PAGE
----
Follow the money to bury dictators
By Hossein Askari
The United States and other Western governments in fact support their favorite strongmen no matter how egregious their policies, while publicly condemning dictatorships, unrepresentative governments, oppression and corruption. Confronted with their own duplicity and shameful support of dictators, they invariably wring their hands and profess impotence to engineer positive change because effective change must come from the inside.
While Western governments shed crocodile tears, they have the means to break the vicious circle of Middle Eastern dictatorships if they only had the will. The answers to three questions point the way to burying these dictators: Why do dictators reign supreme and hang on to power in the Middle East? Why does the US
continue to support these strongmen and risk the ire of Muslims for generations to come? What can the United States and the rest of the West do to reduce the stranglehold of dictators in the region?
Dictators in the Middle East, their families, cronies and other supporters are dependent upon the wealth to be had from oil and natural gas, wealth that does not belong to them and that is being rapidly depleted. Unfortunately, Western corporations and politically wired individuals have also bitten from this fruit and are similarly hooked. The two sides acting together make a circle that is tough to penetrate. This is how it works.
In the past, Westerners exploited the oil and gas resources of these countries as colonialists pure and simple. But for the last 40 years the two sides have joined hands and have practiced a friendlier form of exploitation or what could more accurately be called collaborative colonialism. The main reason Middle Eastern dictators want to hold on to absolute power is to reap untold wealth, to live lavishly and to stash billions of ill-gotten gains abroad. And Westerners, especially the United States, support dictators for the benefit of their corporations and powerful individuals.
Not only are dictators keen to hold on to power, their backers are just as determined to keep them in place and share the spoils. Even when dictators are overthrown, the new boys on the block have the same incentive to hold onto absolute power and exploit the oil and gas wealth for their own benefit. The dictators and their backers use the time-tested tactic of divide and conquer and exploit religious, sectarian, ethnic and tribal differences as their weapons of division.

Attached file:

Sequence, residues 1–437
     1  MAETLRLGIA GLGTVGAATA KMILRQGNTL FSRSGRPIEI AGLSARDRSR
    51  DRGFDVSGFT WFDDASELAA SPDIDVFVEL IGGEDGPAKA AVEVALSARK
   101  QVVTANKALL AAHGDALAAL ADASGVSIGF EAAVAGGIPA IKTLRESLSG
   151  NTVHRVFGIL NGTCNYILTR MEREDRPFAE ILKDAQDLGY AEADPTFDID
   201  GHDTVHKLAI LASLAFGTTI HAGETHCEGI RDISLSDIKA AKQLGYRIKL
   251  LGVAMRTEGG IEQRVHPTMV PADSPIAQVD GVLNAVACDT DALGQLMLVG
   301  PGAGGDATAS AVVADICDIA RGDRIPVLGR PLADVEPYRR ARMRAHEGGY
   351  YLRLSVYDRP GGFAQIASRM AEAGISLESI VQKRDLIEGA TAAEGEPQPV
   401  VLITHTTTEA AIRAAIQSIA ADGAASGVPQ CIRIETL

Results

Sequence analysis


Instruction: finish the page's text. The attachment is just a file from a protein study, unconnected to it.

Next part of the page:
The flames of these differences are fanned and kept alive. The raging sectarian divide of today, namely, the Sunni-Shi'ite chasm that risks embroiling the entire region into open conflict, had its origin some 1,400 years ago and has lost its original passion and relevance. The succession of the Prophet Mohammad and the assassinations and strife that followed have little connection to Muslim lives today, except that the sectarian divide affords a ready-made instrument for oppressive dictators to garner support to mask the pillage of national wealth.
The struggle to control these resources and to determine who benefits from them has in turn become the major source of resentment toward rulers and their Western supporters and the fuel for most intrastate and interstate conflicts in the Middle East region.
The oil and gas wealth at stake is truly eye popping and runs into the tens of trillions of dollars. The ongoing robbery of depletable oil and natural gas wealth that rightly belongs to every citizen of all generations may go down in history as the biggest theft of all time unless it is stopped rapidly in its tracks.
What can be done to put an end to this ongoing robbery and bring justice, hope, prosperity and some peace to the region? What can the United States do? The key is to eliminate the incentive to seek absolute power. Those who seek absolute power in the region do so for preferential access to wealth, which they largely squirrel away in foreign lands - in bank accounts, financial investments and in real estate holdings. Two initiatives would go a long way to hammer shut the coffin of Middle East dictators.
First, publicize to the world and have the International Monetary Fund and the World Bank uphold the policy recommendation that countries with constitutions (Koranic or otherwise) specifying that depletable resources belong to the state, and thus equally to citizens of all generations, should manage these resources in ways that reflect their constitution.
Second, all banks must disclose the bank accounts of foreign heads of state and their immediate families and of senior foreign government officials if they exceed US$1 million; all non-bank financial institutions must similarly disclose their non-bank financial investments; and governments must similarly disclose their real estate holdings. (Note: these cover foreign holdings and do not apply to the domestic assets of rulers, their families and their backers.)
These two initiatives would make it more difficult for rulers to rob their countries by exposing their export of acquired wealth and making it more difficult for foreigners to support their corrupt practices and deprive citizens of their birthright. Such an initiative should not be considered intrusive because in most democratic countries senior officials already disclose all their assets, domestic and foreign.
As important, the initiatives would reduce the incentive of rulers to hold on to absolute power and impede all reforms, such as effective institutions, that would threaten their tight grip on power; and with foundational reforms, sustained prosperity and growth should begin to appear and conflicts recede.
Hossein Askari is Professor of Business and International Affairs at the George Washington University.
(Copyright 2013 Asia Times Online (Holdings) Ltd. All rights reserved. Please contact us about sales, syndication and republishing.)